Since the Duterte administration took over on June 30, the two parties have had two rounds of formal peace negotiations. Each party has declared a unilateral ceasefire in August. They were supposed to have come up with a bilateral ceasefire agreement in late October but no agreement has been forged.

“I do not want a war with anybody. I do not want to kill…I am tired of killing. Tapos na ako niyan,” Duterte said.

Later at the 7th anniversary of the Federalismo Alyansa ng Bikol,  Duterte said he engaged in a long debate with the government peace panel on the matter of the release of 130 political prisoners.

“Ang sabi ko (I told them) ‘No, I will not give it to you. Mauubusan ako ng baraha’ (I will lose my cards). By the time … we have the grand finale…. wala na akong baraha (I won’t have any card). ..‘I have conceded so much too soon.’ That’s about it,” Duterte said.

But Duterte said he would release the 130 prisoners if he receives a signed ceasefire agreement.

“Give me a ceasefire agreement … and I will release the 130” (I will release the elderly and the sick first), he said, adding many of these detainees are 70 years old and are no longer physically fit to take up arms “pero ‘yung mga hardcore na mga NPA fighter, kalokohan yan…”

Agcaoili said Duterte’s “rash accusation” that the political prisoners are all NPA members is in “gross violation” of bilateral agreements such as the Comprehensive Agreement on Respect for Human Rights and International Humanitarian Law (CARHRIHL) signed on March 14, 1998 and the Joint Agreement on Safety and Immunity Guarantees (JASIG) signed on February 24, 1995, which his administration has reaffirmed.

As a former prosecutor, Duterte “knows that the criminalization of political offenses violates Philippine and international jurisprudence as well,” Agcaoili added.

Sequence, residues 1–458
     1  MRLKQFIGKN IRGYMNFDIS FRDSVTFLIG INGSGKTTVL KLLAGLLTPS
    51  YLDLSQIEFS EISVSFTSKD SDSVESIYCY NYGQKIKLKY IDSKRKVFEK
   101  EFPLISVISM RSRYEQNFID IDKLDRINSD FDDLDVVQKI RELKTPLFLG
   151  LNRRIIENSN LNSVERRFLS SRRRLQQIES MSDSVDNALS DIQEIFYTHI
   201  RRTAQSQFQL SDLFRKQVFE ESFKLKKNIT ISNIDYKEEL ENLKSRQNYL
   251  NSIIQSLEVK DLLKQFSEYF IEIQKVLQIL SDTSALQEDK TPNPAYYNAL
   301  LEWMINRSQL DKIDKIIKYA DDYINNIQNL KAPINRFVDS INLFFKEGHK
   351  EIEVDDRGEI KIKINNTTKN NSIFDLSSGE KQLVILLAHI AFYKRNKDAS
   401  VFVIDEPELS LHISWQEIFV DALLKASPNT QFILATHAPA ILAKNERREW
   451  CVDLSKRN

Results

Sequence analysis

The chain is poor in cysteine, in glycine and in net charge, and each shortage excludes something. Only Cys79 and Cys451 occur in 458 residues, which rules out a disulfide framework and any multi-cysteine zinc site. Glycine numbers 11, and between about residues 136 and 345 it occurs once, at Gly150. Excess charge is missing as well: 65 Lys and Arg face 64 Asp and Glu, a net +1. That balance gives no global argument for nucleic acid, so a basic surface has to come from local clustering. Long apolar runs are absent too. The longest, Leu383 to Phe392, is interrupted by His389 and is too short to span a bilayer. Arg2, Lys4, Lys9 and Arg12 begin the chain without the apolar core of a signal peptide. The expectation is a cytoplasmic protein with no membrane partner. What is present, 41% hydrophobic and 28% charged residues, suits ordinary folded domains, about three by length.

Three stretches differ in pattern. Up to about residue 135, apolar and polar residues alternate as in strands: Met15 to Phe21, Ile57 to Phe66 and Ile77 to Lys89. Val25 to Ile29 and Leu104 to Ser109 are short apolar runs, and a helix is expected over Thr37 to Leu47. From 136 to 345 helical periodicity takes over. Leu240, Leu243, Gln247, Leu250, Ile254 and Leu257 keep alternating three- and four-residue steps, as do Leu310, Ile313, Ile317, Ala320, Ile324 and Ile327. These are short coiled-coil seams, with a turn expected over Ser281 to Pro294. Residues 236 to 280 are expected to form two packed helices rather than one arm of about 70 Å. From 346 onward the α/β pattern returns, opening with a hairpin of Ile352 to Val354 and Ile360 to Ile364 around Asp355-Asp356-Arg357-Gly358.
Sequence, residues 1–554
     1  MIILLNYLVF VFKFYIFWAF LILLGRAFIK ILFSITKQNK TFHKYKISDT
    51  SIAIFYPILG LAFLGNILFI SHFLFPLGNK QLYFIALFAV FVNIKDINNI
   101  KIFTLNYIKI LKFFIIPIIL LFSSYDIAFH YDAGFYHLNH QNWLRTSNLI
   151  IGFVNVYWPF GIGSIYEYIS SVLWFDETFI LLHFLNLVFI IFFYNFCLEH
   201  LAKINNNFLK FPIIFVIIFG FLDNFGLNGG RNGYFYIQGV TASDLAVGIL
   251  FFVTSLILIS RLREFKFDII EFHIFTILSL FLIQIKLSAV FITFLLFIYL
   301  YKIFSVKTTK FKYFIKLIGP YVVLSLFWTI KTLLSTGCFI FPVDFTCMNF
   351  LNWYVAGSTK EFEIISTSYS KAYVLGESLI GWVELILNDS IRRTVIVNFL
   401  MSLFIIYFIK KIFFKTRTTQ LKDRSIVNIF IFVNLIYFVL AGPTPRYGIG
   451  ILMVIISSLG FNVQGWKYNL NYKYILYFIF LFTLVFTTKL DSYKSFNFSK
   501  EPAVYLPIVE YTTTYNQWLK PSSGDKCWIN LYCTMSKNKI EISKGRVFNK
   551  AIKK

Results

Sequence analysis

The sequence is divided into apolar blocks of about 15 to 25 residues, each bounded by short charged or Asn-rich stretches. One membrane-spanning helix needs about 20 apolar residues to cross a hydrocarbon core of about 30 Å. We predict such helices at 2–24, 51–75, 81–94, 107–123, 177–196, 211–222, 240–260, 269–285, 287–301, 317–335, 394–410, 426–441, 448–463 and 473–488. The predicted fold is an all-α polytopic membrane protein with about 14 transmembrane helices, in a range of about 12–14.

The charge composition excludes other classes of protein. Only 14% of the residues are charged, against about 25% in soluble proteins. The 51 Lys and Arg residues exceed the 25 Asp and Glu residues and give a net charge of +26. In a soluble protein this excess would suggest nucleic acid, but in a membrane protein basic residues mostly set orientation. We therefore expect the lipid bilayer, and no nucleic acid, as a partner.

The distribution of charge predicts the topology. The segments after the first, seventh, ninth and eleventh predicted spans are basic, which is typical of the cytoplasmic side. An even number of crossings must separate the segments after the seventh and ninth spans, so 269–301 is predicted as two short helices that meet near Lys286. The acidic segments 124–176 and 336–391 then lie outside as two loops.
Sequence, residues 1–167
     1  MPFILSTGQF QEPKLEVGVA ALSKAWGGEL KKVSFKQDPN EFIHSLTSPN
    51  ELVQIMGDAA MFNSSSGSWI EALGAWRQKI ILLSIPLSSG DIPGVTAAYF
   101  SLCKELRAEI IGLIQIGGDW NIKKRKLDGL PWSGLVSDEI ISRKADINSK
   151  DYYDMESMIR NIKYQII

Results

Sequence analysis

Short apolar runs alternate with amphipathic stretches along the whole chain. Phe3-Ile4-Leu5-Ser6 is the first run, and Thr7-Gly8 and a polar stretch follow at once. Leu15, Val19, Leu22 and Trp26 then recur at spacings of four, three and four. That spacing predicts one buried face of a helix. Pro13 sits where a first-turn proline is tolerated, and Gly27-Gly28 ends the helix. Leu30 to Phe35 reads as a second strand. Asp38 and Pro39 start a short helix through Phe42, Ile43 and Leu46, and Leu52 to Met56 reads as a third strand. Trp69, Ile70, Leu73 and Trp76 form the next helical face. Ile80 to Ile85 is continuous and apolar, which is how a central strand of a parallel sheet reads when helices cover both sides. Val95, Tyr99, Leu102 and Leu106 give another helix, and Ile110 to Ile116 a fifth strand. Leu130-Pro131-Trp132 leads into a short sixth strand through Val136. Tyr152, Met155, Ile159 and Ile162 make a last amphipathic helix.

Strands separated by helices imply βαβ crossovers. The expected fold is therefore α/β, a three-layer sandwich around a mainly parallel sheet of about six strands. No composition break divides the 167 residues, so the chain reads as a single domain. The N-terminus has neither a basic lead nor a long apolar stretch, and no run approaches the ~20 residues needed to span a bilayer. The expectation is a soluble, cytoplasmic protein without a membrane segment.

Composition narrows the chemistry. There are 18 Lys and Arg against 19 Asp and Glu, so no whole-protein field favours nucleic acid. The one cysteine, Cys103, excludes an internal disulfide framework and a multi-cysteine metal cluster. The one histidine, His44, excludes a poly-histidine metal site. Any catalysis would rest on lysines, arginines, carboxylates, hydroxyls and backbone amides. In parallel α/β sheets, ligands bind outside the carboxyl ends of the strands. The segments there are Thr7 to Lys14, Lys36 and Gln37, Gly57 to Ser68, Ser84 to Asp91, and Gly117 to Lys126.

Thirteen political prisoners have died while in detention, 12 under previous administrations and one under the Duterte administration – the 66-year old Bernabe Ocasla who passed away on November 28.

“What brought about President Duterte’s change of heart in just a matter of days is for him to answer to the Filipino people, especially the families, relatives and supporters of the political prisoners whose hopes and trust in his word are fast eroding,” Agcaoili said, adding he can “still redeem himself in their eyes” if he “makes good his word of releasing all of the close to 400 political prisoners soon after a bilateral ceasefire agreement is signed.”

“His own pronouncements that he can release political prisoners within 48 hours belie previous statements by the OPAPP (Office of the Presidential Adviser on the Peace Process) and GRP peace panel that they have been working in earnest for the release of 50 to 200 political prisoners but that the judicial processes require some time to effect the release,” he said.

He said the NDF had announced it would sit down with the  GRP peace panel and work on a bilateral ceasefire accord “and have it ready for signing by the third week of January by the parties’ respective principals.”

He explained that the bilateral ceasefire “can take effect in 48 hours, the timeframe within which the President said he would order the release of all the political prisoners.”

Agcaoili reiterated that NDF’s stand on the release and amnesty of political prisoners “as a matter of justice and compliance with agreements,” noting it will serve as impetus to a more stable ceasefire and vastly improve the atmosphere for negotiations on socio-economic reforms.”

The third round of formal peace talks has been scheduled for January 18 to 25 in Rome. (Carolyn O. Arguillas / MindaNews)